Ky. Court Considers Miranda Warning for Students

Wednesday, 14 Nov 2012 09:47 AM

By Sandy Fitzgerald

  Comment  |
   Contact  |
  Print   |
    A   A  
  Copy Shortlink
The Kentucky Supreme Court is considering a case that could eventually require school principals to read students their Miranda rights during questioning.
The Miranda warning — you have the right to remain silent and anything you say can and will be used against you — would have be read when questioning a student in front of a school resource or safety officer, usually a sworn police officer, according to the Louisville Courier-Journal.
The case under consideration stems from a 2009 incident in which a Kentucky high school teacher found an empty prescription bottle of pain pills, with a student’s name on it, on a restroom floor. A school resource officer, who was an armed deputy sheriff, and the school’s assistant principal, escorted the student to the principal’s office and questioned him with the door closed.
The student, according to the Courier-Journal, admitted to possessing three pain pills and to taking one because he had just had his wisdom teeth pulled. But he said he gave the other two pills to a classmate. As a result, the student was charged with illegally dispensing a controlled substance and sentenced to 45 days in jail.
The case is being appealed, based on the fact that the student was never read his Miranda rights or told that he was the subject of a criminal inquiry. His attorneys argue that by questioning him behind closed doors in the principal's office, with a police officer present, the student had actually been taken into custody without the freedom to leave.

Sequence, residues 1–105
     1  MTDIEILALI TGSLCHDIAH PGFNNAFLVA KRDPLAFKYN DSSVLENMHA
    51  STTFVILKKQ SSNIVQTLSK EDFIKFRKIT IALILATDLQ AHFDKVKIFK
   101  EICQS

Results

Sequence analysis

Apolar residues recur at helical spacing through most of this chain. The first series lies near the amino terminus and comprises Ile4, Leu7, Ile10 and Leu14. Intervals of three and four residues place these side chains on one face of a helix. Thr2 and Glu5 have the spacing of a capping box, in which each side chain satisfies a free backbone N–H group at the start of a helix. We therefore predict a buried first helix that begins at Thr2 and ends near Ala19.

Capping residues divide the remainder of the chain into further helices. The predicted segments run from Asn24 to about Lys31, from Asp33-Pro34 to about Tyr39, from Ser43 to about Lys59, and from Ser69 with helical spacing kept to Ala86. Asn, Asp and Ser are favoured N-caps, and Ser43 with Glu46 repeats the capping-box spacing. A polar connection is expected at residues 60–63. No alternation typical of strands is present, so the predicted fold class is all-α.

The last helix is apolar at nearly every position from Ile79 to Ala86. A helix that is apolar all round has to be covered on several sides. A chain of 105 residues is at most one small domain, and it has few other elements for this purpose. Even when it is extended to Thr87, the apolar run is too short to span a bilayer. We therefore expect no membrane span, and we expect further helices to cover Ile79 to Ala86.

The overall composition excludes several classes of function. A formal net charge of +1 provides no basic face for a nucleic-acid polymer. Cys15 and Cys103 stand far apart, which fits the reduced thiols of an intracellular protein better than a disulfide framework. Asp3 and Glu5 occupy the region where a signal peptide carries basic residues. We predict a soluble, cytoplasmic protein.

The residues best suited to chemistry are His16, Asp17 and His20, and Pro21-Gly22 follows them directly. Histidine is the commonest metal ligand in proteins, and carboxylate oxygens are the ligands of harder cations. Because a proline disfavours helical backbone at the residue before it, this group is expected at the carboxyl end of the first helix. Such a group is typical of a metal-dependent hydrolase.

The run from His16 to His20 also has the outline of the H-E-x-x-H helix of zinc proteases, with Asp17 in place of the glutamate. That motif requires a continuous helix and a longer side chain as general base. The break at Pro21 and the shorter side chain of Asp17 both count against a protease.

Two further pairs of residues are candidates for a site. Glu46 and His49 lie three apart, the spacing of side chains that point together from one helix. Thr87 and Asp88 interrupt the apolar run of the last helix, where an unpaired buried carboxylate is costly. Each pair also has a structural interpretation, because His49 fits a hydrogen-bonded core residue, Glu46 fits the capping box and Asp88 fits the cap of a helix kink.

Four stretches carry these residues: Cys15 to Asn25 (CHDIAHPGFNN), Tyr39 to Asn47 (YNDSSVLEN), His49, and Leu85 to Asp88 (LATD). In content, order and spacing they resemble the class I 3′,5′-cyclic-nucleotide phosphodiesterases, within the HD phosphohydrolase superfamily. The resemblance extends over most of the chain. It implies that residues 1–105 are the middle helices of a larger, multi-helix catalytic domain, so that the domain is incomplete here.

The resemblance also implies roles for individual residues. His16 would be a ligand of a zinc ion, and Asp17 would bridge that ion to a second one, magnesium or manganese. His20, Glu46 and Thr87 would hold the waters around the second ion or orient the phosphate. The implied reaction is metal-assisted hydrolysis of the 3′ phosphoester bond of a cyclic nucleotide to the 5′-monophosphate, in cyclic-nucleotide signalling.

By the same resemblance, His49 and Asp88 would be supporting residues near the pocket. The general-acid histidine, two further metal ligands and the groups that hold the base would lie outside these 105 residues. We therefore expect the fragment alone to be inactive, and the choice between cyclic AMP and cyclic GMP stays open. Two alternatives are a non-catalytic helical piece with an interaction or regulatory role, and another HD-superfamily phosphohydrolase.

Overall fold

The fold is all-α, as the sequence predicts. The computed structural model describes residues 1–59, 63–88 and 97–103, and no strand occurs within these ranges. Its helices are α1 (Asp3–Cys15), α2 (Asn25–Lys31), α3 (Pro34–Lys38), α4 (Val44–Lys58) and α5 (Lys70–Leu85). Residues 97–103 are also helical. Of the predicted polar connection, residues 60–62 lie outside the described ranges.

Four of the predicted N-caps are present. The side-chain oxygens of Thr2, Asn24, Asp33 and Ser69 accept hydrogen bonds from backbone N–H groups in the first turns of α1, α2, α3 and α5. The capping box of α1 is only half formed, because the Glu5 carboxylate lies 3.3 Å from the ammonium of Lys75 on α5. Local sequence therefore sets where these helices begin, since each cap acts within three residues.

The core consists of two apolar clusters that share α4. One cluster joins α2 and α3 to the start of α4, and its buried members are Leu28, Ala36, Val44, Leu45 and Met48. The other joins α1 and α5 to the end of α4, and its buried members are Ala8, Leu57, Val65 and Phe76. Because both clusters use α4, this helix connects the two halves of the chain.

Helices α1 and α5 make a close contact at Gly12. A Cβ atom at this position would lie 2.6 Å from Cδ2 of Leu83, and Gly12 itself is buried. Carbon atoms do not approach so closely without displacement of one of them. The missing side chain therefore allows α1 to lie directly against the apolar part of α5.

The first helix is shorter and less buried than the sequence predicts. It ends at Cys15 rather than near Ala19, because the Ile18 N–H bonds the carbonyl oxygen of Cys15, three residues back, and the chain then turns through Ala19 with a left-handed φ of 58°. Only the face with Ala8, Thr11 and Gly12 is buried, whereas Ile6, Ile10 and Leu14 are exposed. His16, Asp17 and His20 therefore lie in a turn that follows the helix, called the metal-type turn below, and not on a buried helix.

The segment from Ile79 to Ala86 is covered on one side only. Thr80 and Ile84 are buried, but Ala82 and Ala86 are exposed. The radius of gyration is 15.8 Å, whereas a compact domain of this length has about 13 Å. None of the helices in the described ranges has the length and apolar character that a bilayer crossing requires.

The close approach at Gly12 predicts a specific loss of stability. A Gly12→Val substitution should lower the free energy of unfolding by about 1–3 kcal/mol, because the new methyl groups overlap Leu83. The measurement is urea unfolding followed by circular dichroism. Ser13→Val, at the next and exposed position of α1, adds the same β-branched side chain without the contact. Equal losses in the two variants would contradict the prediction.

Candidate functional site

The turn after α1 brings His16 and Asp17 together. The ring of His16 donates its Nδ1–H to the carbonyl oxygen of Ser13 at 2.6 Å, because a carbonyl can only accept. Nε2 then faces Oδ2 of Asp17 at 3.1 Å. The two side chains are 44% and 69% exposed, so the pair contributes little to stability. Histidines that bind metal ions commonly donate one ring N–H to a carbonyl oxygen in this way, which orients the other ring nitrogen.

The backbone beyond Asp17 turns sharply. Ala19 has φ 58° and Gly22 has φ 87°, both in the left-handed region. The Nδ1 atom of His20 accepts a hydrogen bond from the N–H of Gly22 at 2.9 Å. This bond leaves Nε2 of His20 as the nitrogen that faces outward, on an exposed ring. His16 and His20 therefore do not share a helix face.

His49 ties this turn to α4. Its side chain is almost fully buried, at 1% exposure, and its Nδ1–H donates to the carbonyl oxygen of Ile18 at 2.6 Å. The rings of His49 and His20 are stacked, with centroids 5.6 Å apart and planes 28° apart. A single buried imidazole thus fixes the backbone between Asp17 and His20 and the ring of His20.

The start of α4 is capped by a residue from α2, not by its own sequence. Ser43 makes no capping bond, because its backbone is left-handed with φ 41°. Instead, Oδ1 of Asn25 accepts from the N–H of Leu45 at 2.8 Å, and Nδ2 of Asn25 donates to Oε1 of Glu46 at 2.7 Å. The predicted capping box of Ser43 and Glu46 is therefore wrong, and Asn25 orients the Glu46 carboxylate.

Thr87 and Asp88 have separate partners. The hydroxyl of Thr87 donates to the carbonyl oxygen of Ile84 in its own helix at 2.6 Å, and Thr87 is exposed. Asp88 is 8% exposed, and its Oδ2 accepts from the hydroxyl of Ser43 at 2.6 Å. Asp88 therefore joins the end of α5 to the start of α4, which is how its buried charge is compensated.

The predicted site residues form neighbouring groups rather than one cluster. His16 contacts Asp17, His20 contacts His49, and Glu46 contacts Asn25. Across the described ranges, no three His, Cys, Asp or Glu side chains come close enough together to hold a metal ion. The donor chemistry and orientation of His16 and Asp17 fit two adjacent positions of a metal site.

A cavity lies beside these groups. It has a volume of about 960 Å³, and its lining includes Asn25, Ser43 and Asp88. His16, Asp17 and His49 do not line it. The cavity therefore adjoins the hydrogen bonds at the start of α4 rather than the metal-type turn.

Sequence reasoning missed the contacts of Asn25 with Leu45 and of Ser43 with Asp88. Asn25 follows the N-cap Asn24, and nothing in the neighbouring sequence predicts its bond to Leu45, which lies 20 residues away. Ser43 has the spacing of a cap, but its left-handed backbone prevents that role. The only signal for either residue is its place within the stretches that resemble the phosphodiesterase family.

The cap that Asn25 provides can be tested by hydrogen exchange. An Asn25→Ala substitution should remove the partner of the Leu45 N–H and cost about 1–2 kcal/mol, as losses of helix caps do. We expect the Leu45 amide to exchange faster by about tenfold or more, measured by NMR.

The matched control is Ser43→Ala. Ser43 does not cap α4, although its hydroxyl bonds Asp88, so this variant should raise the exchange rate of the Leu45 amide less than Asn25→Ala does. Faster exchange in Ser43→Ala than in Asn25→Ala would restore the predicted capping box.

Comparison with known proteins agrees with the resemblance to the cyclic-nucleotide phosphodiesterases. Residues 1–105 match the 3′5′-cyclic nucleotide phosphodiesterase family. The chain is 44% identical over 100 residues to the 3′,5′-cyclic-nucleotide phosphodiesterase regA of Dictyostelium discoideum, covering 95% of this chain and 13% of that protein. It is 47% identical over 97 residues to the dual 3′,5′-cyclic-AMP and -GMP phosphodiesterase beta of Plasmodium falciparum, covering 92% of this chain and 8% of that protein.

Because Miranda warnings are required when a suspect is taken into custody, the state court must determine whether questioning in the principal’s office falls under that category.
The U.S. Supreme Court ruled last year that a child’s age must also be considered in determining whether a Miranda warning should be given. The top court said at the time that Miranda rights are read to keep subjects from being coerced into giving false confessions, something, the court noted, that children are often prone to do.

© 2014 Newsmax. All rights reserved.

  Comment  |
   Contact  |
  Print   |
  Copy Shortlink
Send me more news as it happens.
Get me on The Wire
Send me more news as it happens.
Around the Web
Join the Newsmax Community
Please review Community Guidelines before posting a comment.
>> Register to share your comments with the community.
>> Login if you are already a member.
blog comments powered by Disqus
Zip Code:
Privacy: We never share your email.
Follow Newsmax
Like us
on Facebook
Follow us
on Twitter
Add us
on Google Plus
You May Also Like

'Tip-Bombed' Waitress Gets $1,200 Tip the Week Before Christmas

Friday, 19 Dec 2014 17:08 PM

A Virginia waitress was surprised and overwhelmed by a "tip bomb," a $1,200 tip from a group of people who wished to rem . . .

Kentucky Infant Found Safe After Carjacking, Amber Alert

Friday, 19 Dec 2014 16:09 PM

A 20-day-old infant who was stolen during a Kentucky carjacking was found safe a little more than two hours after the ca . . .

Justin Bieber Instagram Followers Drop by 3.5M in Fake Account Purge

Friday, 19 Dec 2014 15:46 PM

Justin Bieber lost 3.5 million Instagram followers in what's being called the "Instagram Rapture," a move by the social  . . .

Top Stories

Newsmax, Moneynews, Newsmax Health, and Independent. American. are registered trademarks of Newsmax Media, Inc. Newsmax TV, and Newsmax World are trademarks of Newsmax Media, Inc.

America's News Page
©  Newsmax Media, Inc.
All Rights Reserved